Gender and Social Inclusion (GESI)

A challenging context for women and persons with disability

Women: Women in northern Nigeria are some of the most marginalised in the world. Inadequate access to and control over economic assets, existing discriminatory business practices, and restrictions of free movement are just a few of the challenges limiting women’s economic participation in the region. Within Kano, Kaduna and Jigawa less than 8% of women (jointly) own land, whilst the mobile internet gap Nigeria-wide is almost 30% with only 2% of women in Jigawa ever having used the internet . On top of this female unpaid work and care roles for many, contribute to women’s severe time poverty.

Disability: Barriers to economic participation and discriminatory practices also extend to persons living with disabilities. In general persons with disabilities are less likely to attend school, have lower literacy rates than people living without disabilities, face higher rates of unemployment (63% compared to 21%) and face wide-spread discrimination.

Whilst Nigeria’s Disability Rights Act was signed into law in January 2019, implementation of the Act to enable a disability-inclusive socio-economic landscape is still a distant reality. With very little data available regarding persons with disability in the KKJ, the barriers to disability inclusion are all the greater.


LINKS believes there is a positive and essential role for women and persons with disabilities to play in the growth and prosperity of the KKJ. Our vision is to address barriers and systemic constraints; and to leverage opportunities for women and persons with disability’s economic participation. 

Therefore, we have a set ambitious targets to deliver on our GESI commitments

Our Approach

To achieve our targets, LINKS designs its interventions around four key principles:

Gender is not just another word for women.

We understand gender as the various socially constructed and -enforced roles played by different men, women, girls and boys in social, political and economic life, and the relationships between these. (Sex is the biological difference between females and males.)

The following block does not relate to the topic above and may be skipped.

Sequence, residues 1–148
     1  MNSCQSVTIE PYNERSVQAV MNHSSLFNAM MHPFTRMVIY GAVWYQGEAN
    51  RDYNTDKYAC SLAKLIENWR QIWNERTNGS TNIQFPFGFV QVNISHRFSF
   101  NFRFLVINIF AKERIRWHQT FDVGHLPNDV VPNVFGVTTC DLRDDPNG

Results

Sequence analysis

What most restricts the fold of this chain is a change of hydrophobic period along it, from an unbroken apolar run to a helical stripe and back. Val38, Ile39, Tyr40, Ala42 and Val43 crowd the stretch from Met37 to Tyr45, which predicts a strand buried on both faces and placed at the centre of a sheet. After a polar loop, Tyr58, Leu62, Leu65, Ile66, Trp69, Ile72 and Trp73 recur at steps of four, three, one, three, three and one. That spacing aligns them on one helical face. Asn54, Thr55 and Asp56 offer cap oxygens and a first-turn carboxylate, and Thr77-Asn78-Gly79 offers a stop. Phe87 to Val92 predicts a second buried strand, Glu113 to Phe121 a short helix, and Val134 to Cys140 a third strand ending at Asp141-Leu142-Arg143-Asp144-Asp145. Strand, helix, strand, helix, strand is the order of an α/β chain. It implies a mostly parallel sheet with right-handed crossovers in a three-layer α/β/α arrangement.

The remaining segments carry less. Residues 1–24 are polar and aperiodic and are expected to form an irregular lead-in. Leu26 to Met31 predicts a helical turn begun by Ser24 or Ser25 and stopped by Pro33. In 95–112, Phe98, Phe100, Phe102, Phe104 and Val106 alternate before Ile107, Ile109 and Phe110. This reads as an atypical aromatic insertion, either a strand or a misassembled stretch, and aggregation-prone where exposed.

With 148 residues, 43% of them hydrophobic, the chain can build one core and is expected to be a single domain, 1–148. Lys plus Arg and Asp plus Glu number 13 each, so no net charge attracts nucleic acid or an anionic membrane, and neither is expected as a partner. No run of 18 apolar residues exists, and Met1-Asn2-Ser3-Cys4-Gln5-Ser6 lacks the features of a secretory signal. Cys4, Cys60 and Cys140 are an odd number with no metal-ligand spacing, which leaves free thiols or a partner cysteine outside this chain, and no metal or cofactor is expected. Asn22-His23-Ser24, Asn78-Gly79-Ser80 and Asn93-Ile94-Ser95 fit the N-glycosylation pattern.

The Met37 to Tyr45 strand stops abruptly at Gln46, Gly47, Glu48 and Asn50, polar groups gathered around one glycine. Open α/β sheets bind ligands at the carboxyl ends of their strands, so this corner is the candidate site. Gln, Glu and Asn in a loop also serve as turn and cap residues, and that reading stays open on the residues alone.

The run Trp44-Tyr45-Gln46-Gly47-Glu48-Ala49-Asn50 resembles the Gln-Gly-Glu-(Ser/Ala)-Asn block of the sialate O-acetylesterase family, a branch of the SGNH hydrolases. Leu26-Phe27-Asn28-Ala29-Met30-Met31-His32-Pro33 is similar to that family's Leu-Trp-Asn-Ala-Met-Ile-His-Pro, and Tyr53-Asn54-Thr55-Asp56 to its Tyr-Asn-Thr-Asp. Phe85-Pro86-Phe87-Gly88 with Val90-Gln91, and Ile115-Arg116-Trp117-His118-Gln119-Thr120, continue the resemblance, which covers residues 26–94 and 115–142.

Gender constructs are created, upheld, challenged, enforced and modified by men, women, girls and boys in society. Gender relations are therefore power relations in society, how different men and women are supposed or expected to behave and who controls, enforces, challenges and changes these.
Breaking with these norms and power relations can have serious consequences for the individual. Women who start taking greater control over their income can experience an increase in intimate partner violence, working in what are perceived traditionally male trades in Northern Nigeria (e.g. plumbing, satellite installation) women at times have received unwanted attention, by men and women and harassment and affect women’s standing in communities.

The complex relationship between work and violence against women and girls (VAWG)

The relationship between economic activity and VAWG in the home is complex. On the one hand, earning an income and owning assets have the potential to protect women and girls from violence in the home and in family relationships through increasing their negotiating power, self-worth and value in the eyes of men, giving them the means to support themselves to leave abusive relationships.
Yet, the evidence shows that this does not always happen. In fact, in some contexts economic activity can instead put women and girls at greater risk of violence, as they challenge social norms and appear to threaten men’s control and power.

For more detail see Taylor et al (2015)

Disability Inclusion

Persons with disabilities are “[…] those who have long-term physical, mental, intellectual or sensory impairments which in interaction with various barriers may hinder their full and effective participation in society on an equal basis with others.” (United Nations Convention on the Rights of Persons with Disabilities, CRPD)

Disability = Impairment + Barriers

Links GESI approach


We will be working with these four principles in delivering Gender Equality and Social Inclusion this is the ‘’how to‘’ of LINKS’ approach to GESI.

COVID- 19 Response

Project implementation in these unprecedented times is challenging for all of us in Nigeria, but it presents new opportunities as well. As part of LINKS response to the COVID-19 outbreak and lockdown, we have taken a number of initiatives